How to Be a Better Piano Player
I have been playing piano for a long time now, and there are certain things I've noticed that helped me become better at playing. Now the point of this article isn't to get caught up in who is the better pianist, because that's really not what piano is about. It's about competing with yourself, and trying to become better than you are right now. Playing piano can be a lot more fun when you feel there are fewer limits on what you can do and when you can focus more on getting lost in the music than worrying about not having proper technique. That's why becoming a better pianist can make playing much more enjoyable. So in this Hub I'll go over six things that helped me improve my technique and can help you too.
1. Learn Music Theory
I've played for a long time now, but the time where I saw the most improvement in my playing was the semester when I was taking a music theory class. All of a sudden, I was able to actually connect chords that would sound good together, or be able to hear where a song should go next. The great thing about theory though, is you don't even have to have a degree in theory, or even know anything too advanced for it to be incredibly useful. For example, you get better at seeing patterns such as groups of triads, arpeggios, or maybe you've recognized the chord progression. Even something as simple as just knowing how to form chords and recognize key signatures can help you understand what you're playing. In fact, one of the most helpful aspects of music theory can be knowing how to recognise key signatures. This is because your playing goes from tinkering around until you figure out which notes sound good, to just knowing from the start which notes will work well. So for the purpose of becoming a better piano player, I would really recommend studying at least the following aspects of music theory:
- Recognising key signatures
- Recognising intervals
- Forming chords
- Chord progressions
However, you should learn as much as you can because the more you know, the better you will become.
2. Play Classical Pieces
I can already hear some of you shouting, "classical music is boring!" Hear me out, though. Classical music may not be the most interesting music to a lot of people, but it is very technically demanding. Once you get in to some of the more advanced pieces, you will start seeing huge improvements in your technical abilities. Classical music can help build a very solid foundation of basics from which you can expand. In fact, when my friends who play ask me how to become better at piano, I tell them to learn a few classical songs. For those of you who know nothing about classical music, here are a few classical composers whose pieces would be great to learn: Bach, Chopin, or really any classical Etudes (for the very daring). A good place to start would be Bach's preludes and fugues, as they in particular are very helpful in improving technique. In the end, I'm not trying to say you can never ever play modern pieces or other songs, but that you will improve if you add in some classical pieces. Just make sure that you choose pieces that will challenge you, because you won't improve if you only do what you already know you can succeed at.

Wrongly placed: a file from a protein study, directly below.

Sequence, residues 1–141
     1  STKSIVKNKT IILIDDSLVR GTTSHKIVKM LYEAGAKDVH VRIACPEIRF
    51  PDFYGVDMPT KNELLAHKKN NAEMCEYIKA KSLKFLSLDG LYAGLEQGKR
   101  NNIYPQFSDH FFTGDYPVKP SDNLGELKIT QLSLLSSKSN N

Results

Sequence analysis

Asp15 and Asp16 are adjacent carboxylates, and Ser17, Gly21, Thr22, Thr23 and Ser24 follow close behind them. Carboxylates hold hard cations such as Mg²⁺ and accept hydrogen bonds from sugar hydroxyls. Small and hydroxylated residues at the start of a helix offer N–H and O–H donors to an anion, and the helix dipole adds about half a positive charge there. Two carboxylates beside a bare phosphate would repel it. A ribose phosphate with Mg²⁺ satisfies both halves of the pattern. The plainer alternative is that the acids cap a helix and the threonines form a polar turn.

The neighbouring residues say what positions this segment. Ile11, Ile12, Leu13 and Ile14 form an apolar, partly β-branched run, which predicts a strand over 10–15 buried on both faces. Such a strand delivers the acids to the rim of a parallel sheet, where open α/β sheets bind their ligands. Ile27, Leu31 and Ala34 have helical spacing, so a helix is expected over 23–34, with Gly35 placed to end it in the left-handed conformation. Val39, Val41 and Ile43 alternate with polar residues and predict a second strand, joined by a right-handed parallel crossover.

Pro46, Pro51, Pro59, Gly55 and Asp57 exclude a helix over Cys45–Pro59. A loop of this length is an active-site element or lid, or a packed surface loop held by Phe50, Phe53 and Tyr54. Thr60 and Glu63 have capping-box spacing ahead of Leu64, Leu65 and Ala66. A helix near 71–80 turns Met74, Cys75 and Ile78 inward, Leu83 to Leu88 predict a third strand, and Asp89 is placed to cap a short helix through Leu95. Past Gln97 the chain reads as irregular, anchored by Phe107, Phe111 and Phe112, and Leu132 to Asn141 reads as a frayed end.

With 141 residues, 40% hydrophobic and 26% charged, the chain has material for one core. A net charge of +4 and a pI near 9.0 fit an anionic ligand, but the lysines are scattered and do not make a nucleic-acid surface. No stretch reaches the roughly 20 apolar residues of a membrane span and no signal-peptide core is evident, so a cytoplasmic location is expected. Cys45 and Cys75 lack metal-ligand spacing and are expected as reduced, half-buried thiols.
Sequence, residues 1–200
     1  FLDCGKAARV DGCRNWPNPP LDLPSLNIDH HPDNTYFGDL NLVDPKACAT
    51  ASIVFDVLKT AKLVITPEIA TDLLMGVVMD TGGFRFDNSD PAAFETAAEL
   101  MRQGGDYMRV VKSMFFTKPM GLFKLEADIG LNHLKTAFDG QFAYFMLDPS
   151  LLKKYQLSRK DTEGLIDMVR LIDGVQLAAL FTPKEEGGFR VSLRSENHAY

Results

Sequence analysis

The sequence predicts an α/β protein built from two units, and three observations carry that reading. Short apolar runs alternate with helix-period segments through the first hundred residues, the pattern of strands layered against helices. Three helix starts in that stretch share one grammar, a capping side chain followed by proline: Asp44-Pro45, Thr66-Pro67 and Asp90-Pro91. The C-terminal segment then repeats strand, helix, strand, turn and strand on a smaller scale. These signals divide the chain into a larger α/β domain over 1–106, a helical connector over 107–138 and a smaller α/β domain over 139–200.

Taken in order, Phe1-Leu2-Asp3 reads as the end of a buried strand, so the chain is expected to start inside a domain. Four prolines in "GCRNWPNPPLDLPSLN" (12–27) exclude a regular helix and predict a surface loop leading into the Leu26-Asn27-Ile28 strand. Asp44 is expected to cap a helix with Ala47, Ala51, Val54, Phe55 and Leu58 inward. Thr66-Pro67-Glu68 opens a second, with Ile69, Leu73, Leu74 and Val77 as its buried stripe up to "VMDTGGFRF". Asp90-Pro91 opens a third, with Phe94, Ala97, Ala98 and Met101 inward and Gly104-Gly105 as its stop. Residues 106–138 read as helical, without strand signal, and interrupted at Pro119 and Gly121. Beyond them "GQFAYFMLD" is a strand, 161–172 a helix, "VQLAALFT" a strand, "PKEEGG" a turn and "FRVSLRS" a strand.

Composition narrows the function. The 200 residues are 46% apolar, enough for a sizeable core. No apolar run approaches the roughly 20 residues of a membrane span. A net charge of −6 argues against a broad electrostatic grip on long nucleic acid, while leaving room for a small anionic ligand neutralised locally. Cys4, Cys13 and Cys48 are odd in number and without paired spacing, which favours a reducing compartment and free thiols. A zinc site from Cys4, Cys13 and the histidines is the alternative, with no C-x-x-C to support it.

Speaking of which...
3. Challenge Yourself
This may seem obvious, but this is something that many students fail to do. You have to actively challenge yourself if you want to get better. Just as a body builder must lift heavier weights to get stronger, a pianist should play more difficult pieces to improve. Too often, students will get caught in the rut of only playing songs they know they can play. In fact, this is the most common reason I see many of my friends failing to improve. They are stuck playing songs that are, quite frankly, not challenging them. This is not to say you cannot play easy songs that are beautiful, or you have to learn Chopin's complete list of études, but challenging yourself will help you. Every time a friend asks how to get better, I tell them, "play songs you think you can't and play slowly". The only times I've improved were when my instructor would suggest songs that I thought were out of my league. This is also not to say you should jump for the most difficult song you can find. But simply choose pieces that are a little out of your league in technical ability or in anything you're just not good at and you will get better. If you're struggling with your left hand, find a song that's hard in the left hand. It's always good to be working on at least one piece that challenges you. Eventually, you'll look back and be amazed at how far you've come.